What is normal?
By David G. Markham, C.S.W.


I have a bumper sticker that says "Normal People Scare Me?"

What is normal?

That is a question, that as a Psychiatric Social Worker for 34 years, I have struggled with for almost 3 decades.

That is a question which many of my clients ask me who come to see me because they are mystified, and in great distress. Often these clients grew up in dysfunctional families, have been through a failed marriage, and now find themselves in their 40s with problems in their love lives, at work, with their neighbors, or in the social circle of friends and they wonder who is crazy, them or me? And because they grew up in crazy families they really don't know what normal is. And so they have come to ask me if they are nuts are what? What they want from me is a point of reference. They want a navigational north star. What they want most of all is validation, affirmation, and reassurance. They want to hear, if appropriate, that their intuition, their instincts, might be right after all, when the whole world seems crazy to them and they are being told that they are the one that is crazy. They want to check it out.

And what am I to say? Am I the arbitrator of what is normal? How do I set myself up as the navigational north star? What does psychology, or social work, or counseling have to offer? What does philosophy or religion or the humanities have to offer? What can I possibly say to this person that will help them find their way?

M. Scott Peck, is a Christian Psychiatrist, who wrote the book in the 80s that was immensely popular entitled, The Road Less Traveled. He is the only person I have ever heard talk about the idea of a therapeutic depression. He says that sometimes people struggle to extricate themselves from dysfunctional relationships and when they have succeeded and they are healthy and they look back and realize how screwed up everyone else is, and they get depressed. When the Buddha became enlightened he was off the wheel of samsara and free to go on to nirvana but he chose to stay and help his fellow humans and so his nickname is the Compassionate Buddha. Karl Jaspers, a great American Psychiatrist-Philosopher, defined tragedy as awareness in the excess of power by which I think he meant, to be aware of how things could be, should be, ought to be, and not having the power to make it happen is a tragedy because that awareness fills us with sadness, helplessness, and loneliness sometimes. That's why they say that ignorance is bliss, because if we didn't know any better it wouldn't bother us, but we know and can't do anything about it.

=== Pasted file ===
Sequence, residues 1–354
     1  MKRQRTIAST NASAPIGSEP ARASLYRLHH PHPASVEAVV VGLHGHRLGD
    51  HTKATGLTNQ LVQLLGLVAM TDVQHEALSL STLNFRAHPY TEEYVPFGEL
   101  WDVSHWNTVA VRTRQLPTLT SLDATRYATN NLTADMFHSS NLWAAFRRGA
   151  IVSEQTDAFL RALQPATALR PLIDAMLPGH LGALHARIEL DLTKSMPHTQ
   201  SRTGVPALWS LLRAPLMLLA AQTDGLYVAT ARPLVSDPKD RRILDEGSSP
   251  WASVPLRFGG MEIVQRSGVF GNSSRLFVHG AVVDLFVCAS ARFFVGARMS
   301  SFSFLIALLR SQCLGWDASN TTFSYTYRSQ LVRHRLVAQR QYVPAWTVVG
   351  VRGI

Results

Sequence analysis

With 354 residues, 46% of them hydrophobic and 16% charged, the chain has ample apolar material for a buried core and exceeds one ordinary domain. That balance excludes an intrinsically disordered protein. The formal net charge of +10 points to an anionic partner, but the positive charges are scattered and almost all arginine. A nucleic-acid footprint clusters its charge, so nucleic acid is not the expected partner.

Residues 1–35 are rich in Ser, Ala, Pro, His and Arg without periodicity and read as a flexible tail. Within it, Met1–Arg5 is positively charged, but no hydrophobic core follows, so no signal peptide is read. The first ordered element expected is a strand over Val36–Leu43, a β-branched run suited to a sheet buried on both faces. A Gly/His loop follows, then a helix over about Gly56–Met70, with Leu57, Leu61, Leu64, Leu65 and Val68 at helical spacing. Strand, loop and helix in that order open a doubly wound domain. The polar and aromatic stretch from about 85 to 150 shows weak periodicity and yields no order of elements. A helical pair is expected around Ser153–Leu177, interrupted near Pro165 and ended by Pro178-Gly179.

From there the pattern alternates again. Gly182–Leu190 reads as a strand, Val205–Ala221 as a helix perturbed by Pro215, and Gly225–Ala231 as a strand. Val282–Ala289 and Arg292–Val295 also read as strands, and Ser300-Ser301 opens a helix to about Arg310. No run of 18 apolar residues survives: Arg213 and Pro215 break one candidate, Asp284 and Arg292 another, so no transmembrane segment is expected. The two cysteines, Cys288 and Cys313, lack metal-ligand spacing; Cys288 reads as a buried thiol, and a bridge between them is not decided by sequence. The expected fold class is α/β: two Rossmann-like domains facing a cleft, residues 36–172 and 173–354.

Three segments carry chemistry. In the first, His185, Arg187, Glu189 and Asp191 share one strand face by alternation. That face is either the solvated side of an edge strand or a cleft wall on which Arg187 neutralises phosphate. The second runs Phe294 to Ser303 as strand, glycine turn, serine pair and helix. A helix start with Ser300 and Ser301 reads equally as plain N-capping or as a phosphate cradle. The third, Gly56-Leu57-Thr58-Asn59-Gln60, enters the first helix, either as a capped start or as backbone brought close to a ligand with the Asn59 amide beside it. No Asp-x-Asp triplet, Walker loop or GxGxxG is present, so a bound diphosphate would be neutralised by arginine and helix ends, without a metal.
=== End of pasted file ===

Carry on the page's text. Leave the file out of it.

And so, what is the answer to the question, what is normal? There are a few ideas I would like to share with you that might help us figure out a way to begin to answer that question.

Lawrence Kohlberg, a Psychology Professor at Harvard, divided moral development into three stages: pre-conventional, conventional, and post-conventional. At the first stage of moral development people do the right thing to avoid punishment and to gain approval of others. At the second stage people do the right thing because they want to be a "good boy" or a "good girl" and they are following a moral code like the Ten Commandments or the Law of The Land. In the third stage people do the right thing because of their appreciation of the interdependence of life and the welfare of other living things, and some universal principles of life: Cosmic Consciousness. At this third stage people begin to realize that there can be such a thing as an immoral law like segregation. People recognize that legality and morality can be two different things.

If by normal we mean conventional then Martin Luther King, Jr. wasn't normal, nor was Jesus of Nazareth, nor Buddha, nor Mahatma Gandhi, nor Nelson Mandela. Nor was Frederick Douglas, Henry David Thoreau, Joan of Arc, or Susan B. Anthony.

I would venture to say that since Unitarian Universalists march to their own drummer, and as Don Reidell said two weeks ago in his sermon, tend to believe in liberal religion and freedom of conscience rather than Orthodoxy, that UUs aren't normal either.

I have worked for 34 years in the Mental Health Field and one thing that I and my colleagues recognize is that you have to be a
little crazy to keep from going insane. Being crazy has a long and revered tradition even if not often acknowledged. The court jester made fun of the pomposity and arrogance of the king with his satire and was seen as a necessary part of the court culture to help keep the King's feet on the ground. In First Corinthians, 4th chapter, 10th verse, St. Paul talks about being a fool on Christ's account. And everyone loves a clown who mocks and pratfalls and spoofs every aspect of our humanity.

How do we become Holy Fools? How do we step outside the bounds of "normal" in a way that contributes to our growth and development? Playing the fool, refusing to be "normal", listening to one's own drummer and marching to one's own beat, has a long and illustrious history which has captured the curiosity of the timid, and the delight of the child like sensibility such that Jesus said we can't enter the Kingdom unless we become like little children. I wonder sometimes if "normal" people go to heaven. As I get older, I doubt it more and more.

There was a psychiatrist from Georgetown University, who is now dead, named Murry Bowen who developed a whole theory called family systems theory. Dr. Bowen has revolutionized the way we think about symptomatic, dysfunctional, and not normal behavior.

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